At 12.30am we got Steve to the start and joined the Midnight hubbub of activity. Alongside the crowd of around 500 people there was the usual confused amazement of those alighting from the last train back from Glasgow, and an assortment of local neds scooting around getting in everyone’s way. I caught up with the Stonehaven Running Club crew and wished them all well, and managed to get around most other friends to deliver hugs and well wishes. It brought a lot of memories back. It was hard to believe that I was one of the runners 365 days before, but it was not the time to dwell on those meandering thoughts.

After the briefing we said our final goodbyes and took up a good position on the High Street in Milngavie to shout and cheer our loudest for the runners. It was the most perfect night – about 15C, clear skies, and with a full moon hanging above the hills. If you’re going to pick a night to run though – this was it.

A ripple of cheers flowed up from down the street as the runners came towards us. Headlights dancing, eyes bright and faces stretched with smiles. They were doing it! It was actually happening! As my eyes brimmed with tears and I screamed and hollered for them, for a moment I was one of them again. Running up a Scottish high street on Midsummer’s eve into the darkness, and towards the hills.

But, this isn’t about me. This is about Steve who came to Scotland from California to avenge the demons he left behind on the Lhairig Mhor in 2015. Steve wasn’t sure how fast he was going to run, which made it challenging to work out how best we could crew for him. He declined any assistance until Balmaha at 19 miles which was very useful – it allowed us to drive straight there and attempt to get a little sleep. Together we had previously estimated his arrival at 5am, and alarms were set accordingly…imagine our surprise when the agreed ’10 minute warning’ phone call came at 4am!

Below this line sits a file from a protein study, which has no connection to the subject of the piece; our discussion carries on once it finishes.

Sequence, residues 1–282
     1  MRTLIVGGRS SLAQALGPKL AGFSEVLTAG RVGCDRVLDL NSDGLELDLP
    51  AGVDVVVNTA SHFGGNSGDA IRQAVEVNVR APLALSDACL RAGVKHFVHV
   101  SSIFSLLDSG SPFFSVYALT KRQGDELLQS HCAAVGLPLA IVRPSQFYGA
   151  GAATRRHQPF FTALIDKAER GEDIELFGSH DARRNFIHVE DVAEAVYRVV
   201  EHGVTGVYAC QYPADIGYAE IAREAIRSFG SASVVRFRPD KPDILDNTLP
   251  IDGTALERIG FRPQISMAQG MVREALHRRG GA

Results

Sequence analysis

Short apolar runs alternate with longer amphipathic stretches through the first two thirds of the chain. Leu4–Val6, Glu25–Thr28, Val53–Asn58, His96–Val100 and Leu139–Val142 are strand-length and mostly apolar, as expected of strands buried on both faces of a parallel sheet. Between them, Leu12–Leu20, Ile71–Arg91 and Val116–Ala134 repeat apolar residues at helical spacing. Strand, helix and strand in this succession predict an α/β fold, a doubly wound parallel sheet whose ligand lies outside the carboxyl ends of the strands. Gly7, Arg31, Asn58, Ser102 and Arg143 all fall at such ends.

This was a little miracle – we had agreed that Steve would call at the top of Conic Hill and my phone was placed on the dashboard in full signal, ready. Except it didn’t ring. I woke up about 4:05am and decided to check the time, only to see a message received from Steve only minutes before. Had my sixth sense not been on the ball that morning them we would have been in trouble, but some things you just can’t explain I guess.

Balmaha at 4am was oddly devoid of midges. No nets were needed and the air was calm and moist – it didn’t make sense at all, but we just got on with the job. For those who had been standing still it was cold, but the runners all came in dripping with sweat. Steve was running fine and with nothing to report, so we just refilled his pockets with gels and his Camelbak with TailWind and off he went. There was one thing which made crewing infinitely easier, which was Steve’s choice of nutrition. Coming from the school of ‘stick with what works’, with a side of ‘keep it simple’ he just eats gels – one GU every 30 minutes and that’s it. No really – that’s really it.

West Highland Way Race 2016